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Tourism and community business hub plan for former motel



A DERELICT ‘eyesore’ motel close to the Pembrokeshire seaside village of Newgale could soon be redeveloped as a tourism and community business hub.

A Pre-Application Consultation was launched on September 15, by Nick Neumann of Newgale Holidays on plans to redevelop the former Roch Gate Motel to a mixed commercial and community use hub called ‘The Gate,’ including a village shop/post office, bistro/takeaway, conference facilities and business units together ancillary works, and a separate tourism development of up to 25 holiday lodges.

The consultation – and a supporting statement – has been submitted with agent Andrew Vaughan-Harries of Hayston Developments & Planning Ltd ahead of any formal application to Pembrokeshire Coast National Park.

The application relates to the former motel site, recently purchased by Mr Neumann, and adjacent farmland at Rainbolts Hill Farm on the edge of the village of Roch.

The former motel – dubbed an “eyesore” in previous applications – closed back in 2008 and has a history of later approved planning schemes, including as a bespoke hotel and an affordable housing scheme, but none have come to fruition.

Agent Andrew Vaughan-Harries of Hayston Developments & Planning Ltd, in a supporting statement, said: “The former motel site has laid vacant for several years and is now derelict and largely abandoned. Despite an application being granted for its redevelopment as a bespoke hotel and a more recent application for an affordable housing scheme being recommended for approval by the authority (subject to the completion of a legal agreement) neither of these schemes have materialised.

“These schemes were submitted by the previous owner of the site and clearly failed to deliver.

“The application proposal comprises different business, commercial, community and tourism elements. Since purchasing the site more recently, the applicant seeks to present a different and exciting mixed-use redevelopment on the site which would be of significant benefit to the local community.

“The authority has previously accepted that the site is unlikely to return to its previous use as a motel/hotel. Roch has sadly recently lost its only village shop/post office and fish and chip shop. The shop/post office closed in the last 12 months and the fish and chip shop several years ago.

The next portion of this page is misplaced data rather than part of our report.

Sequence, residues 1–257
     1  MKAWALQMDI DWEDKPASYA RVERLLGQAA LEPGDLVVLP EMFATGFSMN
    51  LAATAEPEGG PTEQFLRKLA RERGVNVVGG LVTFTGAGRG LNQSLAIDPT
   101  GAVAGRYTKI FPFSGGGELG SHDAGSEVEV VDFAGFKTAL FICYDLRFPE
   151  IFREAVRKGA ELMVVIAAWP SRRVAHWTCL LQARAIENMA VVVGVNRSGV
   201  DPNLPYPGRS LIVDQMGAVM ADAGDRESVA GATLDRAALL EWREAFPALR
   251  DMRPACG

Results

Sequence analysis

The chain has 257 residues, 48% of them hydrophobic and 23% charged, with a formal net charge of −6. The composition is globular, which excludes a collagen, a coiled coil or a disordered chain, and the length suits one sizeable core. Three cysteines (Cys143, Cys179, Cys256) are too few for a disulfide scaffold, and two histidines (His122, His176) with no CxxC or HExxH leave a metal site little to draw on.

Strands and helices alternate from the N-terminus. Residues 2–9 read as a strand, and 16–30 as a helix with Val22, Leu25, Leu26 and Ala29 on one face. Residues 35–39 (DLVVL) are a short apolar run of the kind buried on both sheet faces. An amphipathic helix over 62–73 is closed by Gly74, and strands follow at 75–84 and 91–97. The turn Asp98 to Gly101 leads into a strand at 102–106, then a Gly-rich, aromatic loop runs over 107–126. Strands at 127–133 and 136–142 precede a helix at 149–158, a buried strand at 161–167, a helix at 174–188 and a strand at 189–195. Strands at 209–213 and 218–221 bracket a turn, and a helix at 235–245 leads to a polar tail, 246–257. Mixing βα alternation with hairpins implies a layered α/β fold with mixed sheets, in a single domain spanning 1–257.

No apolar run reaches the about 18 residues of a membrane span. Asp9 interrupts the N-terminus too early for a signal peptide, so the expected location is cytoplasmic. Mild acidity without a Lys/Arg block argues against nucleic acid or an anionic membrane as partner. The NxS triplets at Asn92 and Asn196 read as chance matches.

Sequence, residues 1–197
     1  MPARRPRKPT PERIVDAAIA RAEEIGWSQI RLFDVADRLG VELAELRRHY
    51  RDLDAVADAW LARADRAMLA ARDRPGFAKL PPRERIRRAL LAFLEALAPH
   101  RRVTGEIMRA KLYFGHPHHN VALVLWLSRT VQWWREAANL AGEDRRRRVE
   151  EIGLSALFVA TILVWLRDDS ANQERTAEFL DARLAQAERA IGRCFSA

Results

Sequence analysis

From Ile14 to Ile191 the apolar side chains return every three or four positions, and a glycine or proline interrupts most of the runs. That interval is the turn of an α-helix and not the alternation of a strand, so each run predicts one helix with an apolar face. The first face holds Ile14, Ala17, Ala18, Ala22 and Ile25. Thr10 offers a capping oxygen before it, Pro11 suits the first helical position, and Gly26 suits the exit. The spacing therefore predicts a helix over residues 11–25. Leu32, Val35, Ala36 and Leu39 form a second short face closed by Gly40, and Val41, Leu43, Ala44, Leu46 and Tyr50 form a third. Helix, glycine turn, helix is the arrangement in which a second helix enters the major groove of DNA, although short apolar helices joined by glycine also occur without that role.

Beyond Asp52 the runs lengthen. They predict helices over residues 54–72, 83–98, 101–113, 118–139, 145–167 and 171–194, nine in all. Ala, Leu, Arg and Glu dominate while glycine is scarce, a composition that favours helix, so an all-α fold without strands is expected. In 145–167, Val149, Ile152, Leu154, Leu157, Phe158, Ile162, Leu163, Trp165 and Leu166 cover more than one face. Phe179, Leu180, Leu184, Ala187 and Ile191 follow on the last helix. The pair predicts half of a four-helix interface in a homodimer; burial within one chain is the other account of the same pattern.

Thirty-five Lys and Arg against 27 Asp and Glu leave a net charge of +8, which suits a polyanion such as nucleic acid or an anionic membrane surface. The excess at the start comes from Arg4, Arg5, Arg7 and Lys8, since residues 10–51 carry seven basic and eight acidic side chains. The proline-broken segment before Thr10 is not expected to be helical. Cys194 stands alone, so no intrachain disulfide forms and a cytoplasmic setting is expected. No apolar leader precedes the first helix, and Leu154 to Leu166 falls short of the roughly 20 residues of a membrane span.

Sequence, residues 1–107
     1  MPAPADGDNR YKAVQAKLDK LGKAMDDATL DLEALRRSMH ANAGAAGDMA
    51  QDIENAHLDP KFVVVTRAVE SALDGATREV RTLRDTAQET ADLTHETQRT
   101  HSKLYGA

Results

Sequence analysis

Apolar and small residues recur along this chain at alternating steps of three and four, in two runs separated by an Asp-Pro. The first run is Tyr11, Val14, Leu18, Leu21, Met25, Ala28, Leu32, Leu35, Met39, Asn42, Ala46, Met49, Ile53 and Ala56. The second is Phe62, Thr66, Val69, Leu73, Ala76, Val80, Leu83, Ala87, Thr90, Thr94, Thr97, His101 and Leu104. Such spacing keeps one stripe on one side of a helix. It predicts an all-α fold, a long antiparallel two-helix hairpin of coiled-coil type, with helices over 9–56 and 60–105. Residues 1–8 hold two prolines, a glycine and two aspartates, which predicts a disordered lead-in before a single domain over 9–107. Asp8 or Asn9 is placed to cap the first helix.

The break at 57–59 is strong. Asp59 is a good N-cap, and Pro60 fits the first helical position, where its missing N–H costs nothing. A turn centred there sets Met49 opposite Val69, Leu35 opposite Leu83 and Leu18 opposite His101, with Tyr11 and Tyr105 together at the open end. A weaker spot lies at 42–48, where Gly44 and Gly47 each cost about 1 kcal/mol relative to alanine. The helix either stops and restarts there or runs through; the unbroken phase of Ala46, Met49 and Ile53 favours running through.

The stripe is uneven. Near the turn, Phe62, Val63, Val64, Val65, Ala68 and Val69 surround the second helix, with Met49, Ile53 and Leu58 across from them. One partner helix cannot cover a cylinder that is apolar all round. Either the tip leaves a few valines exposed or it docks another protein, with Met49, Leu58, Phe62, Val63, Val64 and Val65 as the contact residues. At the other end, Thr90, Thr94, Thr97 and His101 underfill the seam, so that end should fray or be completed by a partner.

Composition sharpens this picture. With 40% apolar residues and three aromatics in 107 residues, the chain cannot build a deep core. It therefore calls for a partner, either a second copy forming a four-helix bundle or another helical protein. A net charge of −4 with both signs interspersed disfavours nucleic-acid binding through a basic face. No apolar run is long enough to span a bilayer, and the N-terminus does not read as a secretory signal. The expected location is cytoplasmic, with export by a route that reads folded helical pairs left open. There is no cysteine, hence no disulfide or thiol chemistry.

“The proposed business/community hub would include the provision of a replacement village shop/post office, a bistro with small food takeaway facility, rooms that would be available for conferences and local community uses, together with three small business units.”

The statement added: “In addition to the business/community hub, it is also proposed to create a modest tourism development comprising up to 25 holiday lodges on part of the adjacent field to the southwest. This tourism development forms part of the overall business plan for the site and to provide an income stream in support of the main redevelopment site.”

Mr Vaughan-Harries said the applicant also wants “to give back to the local community” with the introduction of a community garden, open to all, including being offered out to local playgroups and schools for learning and development in the outdoors.

Following the launch of the pre-application, Mr Neumann said: “Today is the first notable milestone on our journey to redevelop the former Roch Gate Motel site. Today we launch our Pre-Application Consultation (PAC) and ask for initial feedback to our vision and development plans for the site.

“It’s taken us nearly eight months to get this far and we thank Hayston Developments & Planning Ltd and Landsker Business Solutions Ltd for their support and tenacity.

“The purpose of this Pre-Application Consultation is for everyone to have their say whether good, bad or ugly, as we believe the richness of feedback will only but help us improve upon the scheme.”

All relevant documentation surrounding the proposals is available on the Hayston Development & Planning Ltd website.

Anyone who wishes to make representations about this proposed development must do so by October 20, with the formal consultation period commencing on Monday, September 18.

Responses should be emailed or posted to Hayston Development & Planning Ltd, of Planning Studio, Hayston Bridge, Johnston, Haverfordwest, Pembrokeshire, SA62 3HJ. Tel: 01437 891817 Mobile: 07515 851704.

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Wales embarks on floating wind energy venture with £180,000 commitment



OFFSHORE RENEWABLE ENERGY (ORE) Catapult, in association with Floventis Energy, is set to boost the floating offshore wind sector in Wales. The partnership aims to prepare Welsh businesses for this rapidly growing industry.

This initiative, termed the Fit 4 Offshore Renewables (F4OR) programme, is tailored exclusively to propel the floating wind market in Wales. It marks the debut of such an initiative in the region, reflecting the nation’s progressive stance on renewable energy.

The joint venture sees a promising £180,000 committed by Floventis Energy towards the 12-18 month floating wind specific development scheme. Welsh businesses are set to benefit extensively with unique access to the team developing Llŷr 1 and 2 in the Celtic Sea. This, in combination with the forthcoming Celtic Sea Round 5 projects, promises lucrative prospects for local ventures.

Vaughan Gething, Wales’ Economy Minister, expressed his enthusiasm: “The offshore wind sector has an incredible potential for our economy and its people. By bolstering the awareness of Welsh firms, we aim to pave the way for them to harness the opportunities of the green future.”